"Our team now find ourselves overwhelmed daily as we seek to continue supporting the more than 30,000 Iraqi, Somali, Sudanese refugees in Jordan while also gearing up emergency assistance to the 300,000 Syrians who have entered the country in the past two years. In the month of January 2013 alone, there were more than 40,000 Syrians who entered Jordan.

"The needs are enormous and we find ourselves carefully discerning daily how to spend our energies and resources seeking to meet the new needs while not forgetting about the refugees who are not being mentioned in international news on a daily basis.

"Each day we come across people whose homes have been destroyed, whose siblings have been tortured and killed, whose education has been interrupted due to their school being bombed, whose children are getting sick because of lack of access to warm blankets.

"We cannot meet all their needs and it is frustrating. As a team we are learning, in light of immense needs and our limited resources, that we can and will continue to be with people and accompany them in times of suffering. 

"Although this response may be incomplete, it has empowering potential. As war rages in Syria, violence increases in Iraq, and Somalia and Darfur remain unsafe, we will continue to walk with refugees in Jordan and attempt to provide hope to their highly uncertain futures."---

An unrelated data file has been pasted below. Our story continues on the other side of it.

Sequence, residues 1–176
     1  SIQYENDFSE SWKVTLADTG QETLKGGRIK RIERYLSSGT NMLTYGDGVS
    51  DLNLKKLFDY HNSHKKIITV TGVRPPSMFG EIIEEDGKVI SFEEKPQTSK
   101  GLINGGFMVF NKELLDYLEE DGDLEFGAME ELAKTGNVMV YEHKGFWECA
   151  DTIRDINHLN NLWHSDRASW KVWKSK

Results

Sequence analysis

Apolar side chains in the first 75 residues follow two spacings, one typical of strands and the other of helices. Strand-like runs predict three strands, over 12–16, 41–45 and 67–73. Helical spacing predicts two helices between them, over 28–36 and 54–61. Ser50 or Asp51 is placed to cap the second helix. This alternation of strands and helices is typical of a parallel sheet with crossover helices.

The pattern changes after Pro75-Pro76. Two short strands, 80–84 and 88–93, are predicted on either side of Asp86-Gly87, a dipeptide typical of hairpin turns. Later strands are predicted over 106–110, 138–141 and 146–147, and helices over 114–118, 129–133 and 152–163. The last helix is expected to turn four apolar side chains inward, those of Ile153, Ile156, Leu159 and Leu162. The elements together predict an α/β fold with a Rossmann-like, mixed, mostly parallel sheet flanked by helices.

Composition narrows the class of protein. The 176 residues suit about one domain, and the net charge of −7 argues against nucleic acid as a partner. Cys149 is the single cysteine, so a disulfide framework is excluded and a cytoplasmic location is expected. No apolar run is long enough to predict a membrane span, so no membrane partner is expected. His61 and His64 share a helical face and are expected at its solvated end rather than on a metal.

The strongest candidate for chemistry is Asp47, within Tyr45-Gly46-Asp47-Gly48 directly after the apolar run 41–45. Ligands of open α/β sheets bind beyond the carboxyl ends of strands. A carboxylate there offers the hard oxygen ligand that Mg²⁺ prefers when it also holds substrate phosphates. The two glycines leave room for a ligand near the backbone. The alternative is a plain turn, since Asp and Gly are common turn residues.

The schedule of Colin Gilbert’s presentation, Accompanying Refugees During Times of Crisis in the Middle East: How Jesuit Refugee Service is Responding to the Unfolding Emergency is below. All events, except those at high schools, are open to the general public and are free of charge, except as noted.

Monday, March 11, 12:00 p.m.
Brophy College Preparatory — Summit on Human Dignity
Phoenix, Arizona

Wednesday, March 13
Xavier College Prep High School
Palm Desert, California

Thursday, March 14, 7:00 p.m.
Murphy Recital Hall, Loyola Marymount University
Los Angeles, California

Sunday, March 17, 10:00 a.m.
Sacred Heart Chapel Mass, Loyola Marymount University
Los Angeles, California

Tuesday, March 19, 11:30 a.m. [there is a fee to attend this event.]
Union League Club
Chicago, Illinois

Wednesday, March 20, 12:00 p.m.
University of San Francisco, McLaren Room 250 
San Francisco, California

Thursday, March 21, 12:00 p.m.
Bellarmine College Preparatory Justice Summit
San Jose, California

Tuesday, March 26, 12:00 p.m.
Georgetown University, Healy Hall — Riggs Library
Space is Limited; Registration Required. To Learn More and/or Register, please click here.
Washington, D.C.

Wednesday, March 27, 6 p.m.
Happy Hour Meet & Greet
One Lounge Kitchen & Cocktail Bar
1606 20th Street NW
No Registration Required; Open to the Public
Washington, D.C.

Tuesday, April 2, 7:00 p.m.
St. John Francis Regis Chapel, Regis University
Denver, Colorado

Wednesday, April 3, 7:00 p.m.
Loyola Parish
Denver, Colorado

For more information about Colin’s trip, please contact:

Clare Bonsignore
202.629.5948
Jesuit Refugee Service/USA